Positive Response and Safety Profile of NOVANTRONE Confirmed over a Three Year Period In Study Treating People with Secondary Progressive Multiple Sclerosis
TORONTO, ONTARIO, CANADA - Patients with secondary progressive multiple sclerosis (MS) treated with NOVANTRONER (mitoxantrone for injection concentrate) experienced sustained reduction in their number of attacks, and delay in their disability progression, compared to patients treated with placebo. The new results, involving patients treated for two years and then followed for an additional year, were presented today by researchers at the 51st Annual Meeting of the American Academy of Neurology (AAN).
These findings follow the previously announced two year study results, which were reported at the September 1998 Congress of the European Committee for Treatment and Research in Multiple Sclerosis (ECTRIMS). This Phase III, multicenter, placebo-controlled, randomized, observer-blind study of 194 patients with secondary progressive MS assessed the effects of NOVANTRONE on attacks and disease progression. In this study, patients taking NOVANTRONE had fewer attacks and less deterioration of their neurologic impairment. These clinical data were corroborated by positive magnetic resonance imaging (MRI) data.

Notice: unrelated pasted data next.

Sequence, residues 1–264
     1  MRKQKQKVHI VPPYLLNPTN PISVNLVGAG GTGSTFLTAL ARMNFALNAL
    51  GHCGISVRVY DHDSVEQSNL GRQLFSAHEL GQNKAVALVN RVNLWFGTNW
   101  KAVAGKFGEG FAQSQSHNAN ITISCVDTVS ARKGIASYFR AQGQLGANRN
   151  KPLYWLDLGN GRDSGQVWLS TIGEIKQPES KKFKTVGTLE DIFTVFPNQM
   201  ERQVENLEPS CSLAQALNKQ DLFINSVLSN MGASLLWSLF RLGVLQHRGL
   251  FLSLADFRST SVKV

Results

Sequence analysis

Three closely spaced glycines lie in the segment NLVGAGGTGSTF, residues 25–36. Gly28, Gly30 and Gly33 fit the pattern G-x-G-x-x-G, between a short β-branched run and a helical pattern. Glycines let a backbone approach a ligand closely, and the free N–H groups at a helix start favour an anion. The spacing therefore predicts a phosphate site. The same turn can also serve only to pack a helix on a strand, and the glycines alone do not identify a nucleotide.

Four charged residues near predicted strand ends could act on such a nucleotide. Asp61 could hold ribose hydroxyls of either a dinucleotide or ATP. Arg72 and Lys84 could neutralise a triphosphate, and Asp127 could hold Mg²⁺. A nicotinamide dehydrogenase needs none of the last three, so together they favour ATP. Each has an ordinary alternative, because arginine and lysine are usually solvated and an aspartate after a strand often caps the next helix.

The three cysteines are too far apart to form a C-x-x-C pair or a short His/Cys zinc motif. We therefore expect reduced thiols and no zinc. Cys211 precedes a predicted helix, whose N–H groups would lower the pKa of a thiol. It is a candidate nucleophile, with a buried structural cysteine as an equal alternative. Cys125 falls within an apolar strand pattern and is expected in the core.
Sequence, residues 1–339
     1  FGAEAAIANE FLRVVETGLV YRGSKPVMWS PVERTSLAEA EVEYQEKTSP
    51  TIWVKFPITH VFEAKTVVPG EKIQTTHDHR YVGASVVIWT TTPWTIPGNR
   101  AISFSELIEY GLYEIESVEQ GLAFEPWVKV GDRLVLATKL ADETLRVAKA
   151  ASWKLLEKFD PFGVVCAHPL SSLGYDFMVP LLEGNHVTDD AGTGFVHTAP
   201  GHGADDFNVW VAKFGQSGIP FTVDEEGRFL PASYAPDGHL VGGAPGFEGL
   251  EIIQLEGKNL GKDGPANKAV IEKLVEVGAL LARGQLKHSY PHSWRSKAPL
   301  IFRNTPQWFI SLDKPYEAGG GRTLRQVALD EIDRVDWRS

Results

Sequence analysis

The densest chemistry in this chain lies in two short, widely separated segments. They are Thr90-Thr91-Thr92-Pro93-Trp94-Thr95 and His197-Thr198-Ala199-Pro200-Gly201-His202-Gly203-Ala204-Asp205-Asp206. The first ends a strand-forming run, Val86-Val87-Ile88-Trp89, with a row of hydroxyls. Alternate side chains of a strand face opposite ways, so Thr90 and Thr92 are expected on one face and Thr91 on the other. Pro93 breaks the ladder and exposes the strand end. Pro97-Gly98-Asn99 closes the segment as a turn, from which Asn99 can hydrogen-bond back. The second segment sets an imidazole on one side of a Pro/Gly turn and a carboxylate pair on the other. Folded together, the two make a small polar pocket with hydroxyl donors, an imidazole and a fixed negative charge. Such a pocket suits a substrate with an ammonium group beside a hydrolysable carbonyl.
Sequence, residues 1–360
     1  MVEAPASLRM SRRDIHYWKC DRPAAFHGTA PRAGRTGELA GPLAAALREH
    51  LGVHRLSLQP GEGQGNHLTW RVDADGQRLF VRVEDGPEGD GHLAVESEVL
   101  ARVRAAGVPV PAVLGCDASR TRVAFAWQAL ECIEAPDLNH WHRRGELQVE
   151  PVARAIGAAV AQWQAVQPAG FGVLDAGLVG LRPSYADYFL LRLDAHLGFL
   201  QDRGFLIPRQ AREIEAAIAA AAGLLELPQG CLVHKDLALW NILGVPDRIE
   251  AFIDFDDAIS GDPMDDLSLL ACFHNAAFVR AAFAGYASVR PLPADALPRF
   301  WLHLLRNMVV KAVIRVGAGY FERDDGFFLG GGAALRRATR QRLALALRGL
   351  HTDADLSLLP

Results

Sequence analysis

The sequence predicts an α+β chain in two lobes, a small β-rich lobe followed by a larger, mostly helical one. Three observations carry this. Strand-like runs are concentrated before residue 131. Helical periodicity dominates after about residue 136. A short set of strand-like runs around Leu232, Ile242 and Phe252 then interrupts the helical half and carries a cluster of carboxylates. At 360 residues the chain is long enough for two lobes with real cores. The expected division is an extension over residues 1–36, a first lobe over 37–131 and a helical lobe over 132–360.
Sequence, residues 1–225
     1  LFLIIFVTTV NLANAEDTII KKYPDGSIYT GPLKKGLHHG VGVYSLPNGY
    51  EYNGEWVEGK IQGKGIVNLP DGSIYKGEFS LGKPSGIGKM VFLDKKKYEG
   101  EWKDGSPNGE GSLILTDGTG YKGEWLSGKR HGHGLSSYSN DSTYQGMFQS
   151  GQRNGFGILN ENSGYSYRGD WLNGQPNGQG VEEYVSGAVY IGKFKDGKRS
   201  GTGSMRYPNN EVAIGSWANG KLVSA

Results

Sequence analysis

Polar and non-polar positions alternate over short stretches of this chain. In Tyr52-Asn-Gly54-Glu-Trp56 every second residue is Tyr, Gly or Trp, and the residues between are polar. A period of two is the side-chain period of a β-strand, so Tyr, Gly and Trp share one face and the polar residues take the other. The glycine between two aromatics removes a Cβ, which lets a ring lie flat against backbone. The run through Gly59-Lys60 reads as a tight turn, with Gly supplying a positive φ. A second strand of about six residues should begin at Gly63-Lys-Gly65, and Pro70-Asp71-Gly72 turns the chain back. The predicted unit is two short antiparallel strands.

The study compared two doses of NOVANTRONE -- 12 mg/m2 and 5 mg/m2 - with placebo. Each treatment was administered by short, IV infusion once every three months for two years. Other treatments currently approved for the relapsing-remitting form of MS require a subcutaneous or intramuscular self-injection on a daily or weekly basis.
"Today's third-year follow-up data presentation confirms the earlier findings of this Phase III study," said Peggy V. Phillips, senior vice president, pharmaceutical development for Immunex. "The next step is to file data with the FDA to seek an expanded label for the use of NOVANTRONE in MS."